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Seasonal and inter-annual variability in alkalinity in Liverpool Bay (53.5° N, 3.5° W) and in major river inputs to the North Sea

Hydes, David J.; Hartman, Susan E.. 2012 Seasonal and inter-annual variability in alkalinity in Liverpool Bay (53.5° N, 3.5° W) and in major river inputs to the North Sea. Ocean Dynamics, 62 (2). 321-333. 10.1007/s10236-011-0503-7

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Abstract/Summary

A critical factor controlling changes in the acidity of coastal waters is the alkalinity of the water. Concentrations of alkalinity are determined by supply from rivers and by in situ processes such as biological production and denitrification. A 2-year study based on 15 cruises in Liverpool Bay followed the seasonal cycles of changing concentrations of total alkalinity (TA) and total dissolved inorganic carbon (DIC) in relation to changes caused by the annual cycle of biological production during the mixing of river water into the Bay. Consistent annual cycles in concentrations of nutrients, TA and DIC were observed in both years. At a salinity of 31.5, the locus of primary production during the spring bloom, concentrations of NO x decreased by 25 ± 4 μmol kg−1 and DIC by 106 ± 16 μmol kg−1. Observed changes in TA were consistent with the uptake of protons during primary biological production. Concentrations of TA increased by 33 ± 8 μmol kg−1 (2009) and 33 ± 15 μmol kg−1 (2010). The impact of changes in organic matter on the measured TA appears likely to be small in this area. Thomas et al. (2009) suggested that denitrification may enhance the CO2 uptake of the North Sea by 25%, in contrast we find that although denitrification is a significant process in itself, it does not increase concentrations of TA relative to those of DIC and so does not increase buffer capacity and potential uptake of CO2 into shelf seawaters. For Liverpool Bay historical data suggest that higher concentrations of TA during periods of low flow are likely to contribute in part to the observed change in TA between winter and summer but the appropriate pattern cannot be identified in recent low-frequency river data. On a wider scale, data for the rivers Mersey, Rhine, Elbe and Weser show that patterns of seasonal change in concentrations of TA in river inputs differ between river systems.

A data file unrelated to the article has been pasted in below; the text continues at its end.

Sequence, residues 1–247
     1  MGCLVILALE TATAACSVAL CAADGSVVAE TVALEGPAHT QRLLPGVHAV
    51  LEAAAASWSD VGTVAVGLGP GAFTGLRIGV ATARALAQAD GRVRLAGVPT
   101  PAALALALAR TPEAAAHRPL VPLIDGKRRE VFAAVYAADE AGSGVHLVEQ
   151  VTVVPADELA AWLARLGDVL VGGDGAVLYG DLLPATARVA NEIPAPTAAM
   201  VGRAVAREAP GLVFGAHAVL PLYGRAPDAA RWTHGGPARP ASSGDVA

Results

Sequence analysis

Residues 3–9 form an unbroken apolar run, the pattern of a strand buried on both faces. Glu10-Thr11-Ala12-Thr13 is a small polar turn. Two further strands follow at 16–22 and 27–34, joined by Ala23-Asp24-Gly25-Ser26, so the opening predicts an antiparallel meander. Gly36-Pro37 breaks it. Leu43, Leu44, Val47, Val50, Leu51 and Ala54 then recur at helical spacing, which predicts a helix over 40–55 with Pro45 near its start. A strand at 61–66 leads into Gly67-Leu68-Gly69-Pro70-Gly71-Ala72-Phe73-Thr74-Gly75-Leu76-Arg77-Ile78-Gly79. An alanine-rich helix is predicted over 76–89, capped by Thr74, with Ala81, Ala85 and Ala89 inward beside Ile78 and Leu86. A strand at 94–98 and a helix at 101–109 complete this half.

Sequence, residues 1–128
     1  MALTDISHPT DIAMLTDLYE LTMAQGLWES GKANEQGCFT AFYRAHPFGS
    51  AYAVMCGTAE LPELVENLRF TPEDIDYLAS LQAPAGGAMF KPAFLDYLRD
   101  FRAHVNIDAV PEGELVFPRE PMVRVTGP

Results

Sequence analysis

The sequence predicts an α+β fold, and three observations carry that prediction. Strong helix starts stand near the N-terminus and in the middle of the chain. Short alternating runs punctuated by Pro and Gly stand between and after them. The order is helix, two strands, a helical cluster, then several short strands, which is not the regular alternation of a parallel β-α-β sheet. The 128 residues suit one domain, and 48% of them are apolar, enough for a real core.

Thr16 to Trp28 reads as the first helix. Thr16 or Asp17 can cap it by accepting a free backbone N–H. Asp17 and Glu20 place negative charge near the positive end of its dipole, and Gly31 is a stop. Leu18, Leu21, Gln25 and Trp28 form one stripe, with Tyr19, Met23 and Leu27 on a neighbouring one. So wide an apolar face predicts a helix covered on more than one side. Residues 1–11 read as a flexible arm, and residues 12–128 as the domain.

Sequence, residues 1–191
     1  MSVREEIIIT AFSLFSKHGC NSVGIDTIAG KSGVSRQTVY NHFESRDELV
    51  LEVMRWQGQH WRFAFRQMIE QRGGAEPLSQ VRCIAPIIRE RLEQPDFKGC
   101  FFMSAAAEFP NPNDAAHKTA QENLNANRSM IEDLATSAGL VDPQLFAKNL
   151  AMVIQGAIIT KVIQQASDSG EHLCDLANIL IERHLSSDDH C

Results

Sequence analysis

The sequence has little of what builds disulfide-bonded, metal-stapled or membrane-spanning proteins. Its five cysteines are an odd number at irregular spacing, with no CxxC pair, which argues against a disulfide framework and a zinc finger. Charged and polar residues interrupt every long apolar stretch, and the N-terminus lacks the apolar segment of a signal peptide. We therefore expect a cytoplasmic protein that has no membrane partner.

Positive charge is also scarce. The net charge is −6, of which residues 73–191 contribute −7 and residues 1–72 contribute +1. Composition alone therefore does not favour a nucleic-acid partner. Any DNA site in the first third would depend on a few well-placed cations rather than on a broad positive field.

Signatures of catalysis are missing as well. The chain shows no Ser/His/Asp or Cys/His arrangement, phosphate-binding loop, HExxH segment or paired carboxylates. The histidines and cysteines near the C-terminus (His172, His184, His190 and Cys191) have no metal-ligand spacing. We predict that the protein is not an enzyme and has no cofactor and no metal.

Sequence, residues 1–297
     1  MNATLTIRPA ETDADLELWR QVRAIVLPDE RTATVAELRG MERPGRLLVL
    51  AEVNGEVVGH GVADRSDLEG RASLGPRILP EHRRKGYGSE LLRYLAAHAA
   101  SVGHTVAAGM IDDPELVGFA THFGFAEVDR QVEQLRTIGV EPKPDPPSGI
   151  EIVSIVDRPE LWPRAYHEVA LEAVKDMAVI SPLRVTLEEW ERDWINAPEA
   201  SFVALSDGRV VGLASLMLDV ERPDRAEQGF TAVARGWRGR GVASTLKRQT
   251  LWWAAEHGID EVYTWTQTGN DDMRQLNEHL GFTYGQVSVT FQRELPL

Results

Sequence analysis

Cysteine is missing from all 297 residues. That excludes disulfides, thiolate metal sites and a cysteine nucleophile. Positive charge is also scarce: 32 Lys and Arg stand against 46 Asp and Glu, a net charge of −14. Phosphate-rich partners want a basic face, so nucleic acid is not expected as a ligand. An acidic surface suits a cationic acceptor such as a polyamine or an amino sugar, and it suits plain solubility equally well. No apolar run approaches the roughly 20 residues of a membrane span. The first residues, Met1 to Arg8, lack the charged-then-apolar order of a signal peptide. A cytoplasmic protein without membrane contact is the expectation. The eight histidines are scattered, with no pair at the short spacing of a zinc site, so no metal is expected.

Item Type: Publication - Article
Digital Object Identifier (DOI): 10.1007/s10236-011-0503-7
Programmes: NOC Programmes
ISSN: 16167341
Additional Keywords: Seasonality, Total alkalinity, Total dissolved inorganic carbon, Nutrients, Organic alkalinity, Denitrification, Liverpool Bay, Mersey, Rhine, Elbe, Weser
Date made live: 03 Feb 2012 09:50 +0 (UTC)
URI: http://nora.nerc.ac.uk/id/eprint/309935

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